[...] no matter, I could still use the power button to wake it.  Then the power button came out and I had to resort to keeping a paper clip handy so I could poke at the real buttons.

            Kudos to you for sticking with it that long. Reading this fills me with the impulse to go stand in line at the next big Apple event with a busted eInk reader (with paperclip), reading long after all the i-devices have lost their charge. I assume the NSTG had a clock? If so, I could help all the people whose watches die after 8 hours.

            Flash forward to this week.  I finally broke down and bought another ereader which shall remain nameless but it's EPUB-friendly, has excellent resolution, and I no longer have to worry about grabbing a zippered plastic enclosure to use it in the hot tub.

            If the name rhymes with "lobo", I think you'll like it. The feature I've most come to appreciate is the sync with Pocket. I routinely save articles off during the day, then read them at leisure while soaking in the evening.

            The new ereader has more effective memory but is a pain in the butt because it seems to crash while processing content if the EPUBs are "malformed".

            I've found that a pass through Calibre's "polish" function usually clears up any issues. Surprisingly, you do not have to actually convert the epubs to the alien format for them to read well. Calibre seems to do something on the transfer that causes the ebooks to be recognized as "that" format. I've quit bothering with the actual conversion process altogether.

            I would love to see a new Nook that combined the resolution and IP67 quality of my new ereader with a form factor and display quality similar to the Glolight

            That other company also has a new, smaller unit, although it's not water-resistant. From what I've read, it holds its own against Amazon's latest.

             

            The reason I mention all this is that the other company doesn't build the unit themselves. Much like B&N, they've sourced from another big overseas manufacturer. Unlike B&N, they've maintained their own character with the device. I once found a YouTube video from the actual device manufacturer, and they have a lot of other really interesting devices that B&N could offer. Unfortunately, I suspect B&N has a lot of Galaxy Tabs to sell before they meet the contractual terms with Samsung.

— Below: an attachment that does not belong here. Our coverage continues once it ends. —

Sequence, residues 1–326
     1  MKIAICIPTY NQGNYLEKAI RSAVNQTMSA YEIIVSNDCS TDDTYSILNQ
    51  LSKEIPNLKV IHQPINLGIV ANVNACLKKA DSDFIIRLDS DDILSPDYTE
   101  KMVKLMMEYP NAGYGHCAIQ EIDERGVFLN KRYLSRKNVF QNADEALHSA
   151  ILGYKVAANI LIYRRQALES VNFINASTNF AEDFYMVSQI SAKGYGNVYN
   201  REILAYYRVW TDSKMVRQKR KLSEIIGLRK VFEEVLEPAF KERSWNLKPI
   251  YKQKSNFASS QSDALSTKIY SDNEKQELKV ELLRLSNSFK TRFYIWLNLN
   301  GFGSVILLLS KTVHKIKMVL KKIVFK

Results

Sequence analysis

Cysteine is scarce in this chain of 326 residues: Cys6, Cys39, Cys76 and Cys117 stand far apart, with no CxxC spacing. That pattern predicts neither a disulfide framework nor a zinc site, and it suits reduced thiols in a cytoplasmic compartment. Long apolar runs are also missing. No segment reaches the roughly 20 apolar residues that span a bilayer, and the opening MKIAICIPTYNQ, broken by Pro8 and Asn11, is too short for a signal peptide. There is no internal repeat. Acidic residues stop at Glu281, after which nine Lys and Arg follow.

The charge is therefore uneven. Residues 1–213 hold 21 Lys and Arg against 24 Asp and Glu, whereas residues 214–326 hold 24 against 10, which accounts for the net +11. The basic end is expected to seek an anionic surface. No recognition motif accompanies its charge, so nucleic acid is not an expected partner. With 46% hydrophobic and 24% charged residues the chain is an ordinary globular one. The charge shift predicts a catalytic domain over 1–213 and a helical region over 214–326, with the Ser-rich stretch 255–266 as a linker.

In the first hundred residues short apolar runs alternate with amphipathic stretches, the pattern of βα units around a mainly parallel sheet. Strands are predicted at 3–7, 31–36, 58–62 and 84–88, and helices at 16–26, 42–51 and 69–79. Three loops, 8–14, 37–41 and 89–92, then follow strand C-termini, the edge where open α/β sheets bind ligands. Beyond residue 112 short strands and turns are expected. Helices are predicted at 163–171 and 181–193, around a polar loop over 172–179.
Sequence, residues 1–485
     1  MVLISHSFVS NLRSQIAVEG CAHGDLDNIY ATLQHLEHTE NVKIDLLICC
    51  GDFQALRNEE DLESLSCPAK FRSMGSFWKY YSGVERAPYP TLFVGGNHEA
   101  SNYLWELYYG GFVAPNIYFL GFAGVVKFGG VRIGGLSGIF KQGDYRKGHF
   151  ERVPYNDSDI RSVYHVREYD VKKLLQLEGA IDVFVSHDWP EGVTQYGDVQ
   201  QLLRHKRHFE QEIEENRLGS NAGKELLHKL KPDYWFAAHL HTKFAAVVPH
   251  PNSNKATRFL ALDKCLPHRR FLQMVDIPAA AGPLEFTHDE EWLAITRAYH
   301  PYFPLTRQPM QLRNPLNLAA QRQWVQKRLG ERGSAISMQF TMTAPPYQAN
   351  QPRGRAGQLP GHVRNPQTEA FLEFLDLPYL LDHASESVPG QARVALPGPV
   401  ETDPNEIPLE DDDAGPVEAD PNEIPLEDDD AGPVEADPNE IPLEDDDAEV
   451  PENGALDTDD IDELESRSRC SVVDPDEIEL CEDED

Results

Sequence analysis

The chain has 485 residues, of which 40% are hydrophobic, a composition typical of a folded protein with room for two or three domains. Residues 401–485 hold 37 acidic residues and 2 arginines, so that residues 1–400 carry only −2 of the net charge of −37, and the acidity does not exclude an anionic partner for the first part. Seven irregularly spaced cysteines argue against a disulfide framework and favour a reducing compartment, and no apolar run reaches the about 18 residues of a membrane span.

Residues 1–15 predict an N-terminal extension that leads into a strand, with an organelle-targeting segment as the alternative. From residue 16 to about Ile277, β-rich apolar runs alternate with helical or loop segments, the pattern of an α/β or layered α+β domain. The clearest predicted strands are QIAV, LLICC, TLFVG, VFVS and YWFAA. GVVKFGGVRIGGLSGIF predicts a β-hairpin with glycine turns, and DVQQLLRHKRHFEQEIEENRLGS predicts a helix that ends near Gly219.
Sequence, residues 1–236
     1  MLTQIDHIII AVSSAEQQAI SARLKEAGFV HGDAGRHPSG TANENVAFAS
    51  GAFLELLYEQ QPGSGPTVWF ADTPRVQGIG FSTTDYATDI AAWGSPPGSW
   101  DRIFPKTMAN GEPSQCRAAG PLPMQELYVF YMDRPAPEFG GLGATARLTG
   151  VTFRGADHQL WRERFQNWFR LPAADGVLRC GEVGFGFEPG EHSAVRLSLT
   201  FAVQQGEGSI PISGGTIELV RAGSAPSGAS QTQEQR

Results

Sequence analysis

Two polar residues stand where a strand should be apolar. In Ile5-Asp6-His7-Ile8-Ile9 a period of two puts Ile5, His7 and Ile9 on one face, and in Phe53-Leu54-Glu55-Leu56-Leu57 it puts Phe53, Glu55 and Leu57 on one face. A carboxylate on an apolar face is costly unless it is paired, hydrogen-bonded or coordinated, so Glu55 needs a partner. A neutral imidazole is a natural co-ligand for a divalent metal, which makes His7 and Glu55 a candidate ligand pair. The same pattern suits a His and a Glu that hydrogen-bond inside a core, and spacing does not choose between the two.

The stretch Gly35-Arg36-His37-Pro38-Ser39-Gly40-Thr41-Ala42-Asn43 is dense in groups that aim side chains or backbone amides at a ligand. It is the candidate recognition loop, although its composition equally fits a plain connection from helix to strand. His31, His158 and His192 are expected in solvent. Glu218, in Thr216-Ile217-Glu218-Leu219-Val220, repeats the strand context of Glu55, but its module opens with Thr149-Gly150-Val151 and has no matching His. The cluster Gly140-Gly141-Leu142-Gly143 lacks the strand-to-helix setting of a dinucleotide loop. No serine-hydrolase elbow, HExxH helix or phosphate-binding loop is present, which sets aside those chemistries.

[...] for a short period, BN really led the way and had the best designed products.  IMO, going the walled garden route was what killed them.

            I agree. For a bright shining moment, B&N stood out for not being Apple. Then they tried to be Apple and it killed them.

              • Re: Keeping Nooks relevant
                Froide

                I see that you bought a rhymes-with-Lobo ereader. Did you also buy an 8" Samsung S-series tablet?  If so, do you prefer reading on the rhymes-with-Lobo?

                • Re: Keeping Nooks relevant
                  Omnigeek

                  bobstro

                  Kudos to you for sticking with it that long. Reading this fills me with the impulse to go stand in line at the next big Apple event with a busted eInk reader (with paperclip), reading long after all the i-devices have lost their charge. I assume the NSTG had a clock? If so, I could help all the people whose watches die after 8 hours.

                  Here's the thing.  My Glolight still works.  I like it, how it feels and looks.  It would have remained FULLY FUNCTIONAL if B&N had just been able to sell me a replacement rubber border.  It could still be fully functional if I could get or make 3 replacement parts.  I'm thinking about trying to use a 3D printer at the local library to make replacement buttons and then maybe some kind of corner clamps and side strips to replace the rubber border but need to get a micrometer and find time.  My frustration is that B&N won't sell replacement parts for a product they still have on the shelves.  It's probably $1 in total parts that I would happily pay $5 (and begrudgingly $10) for.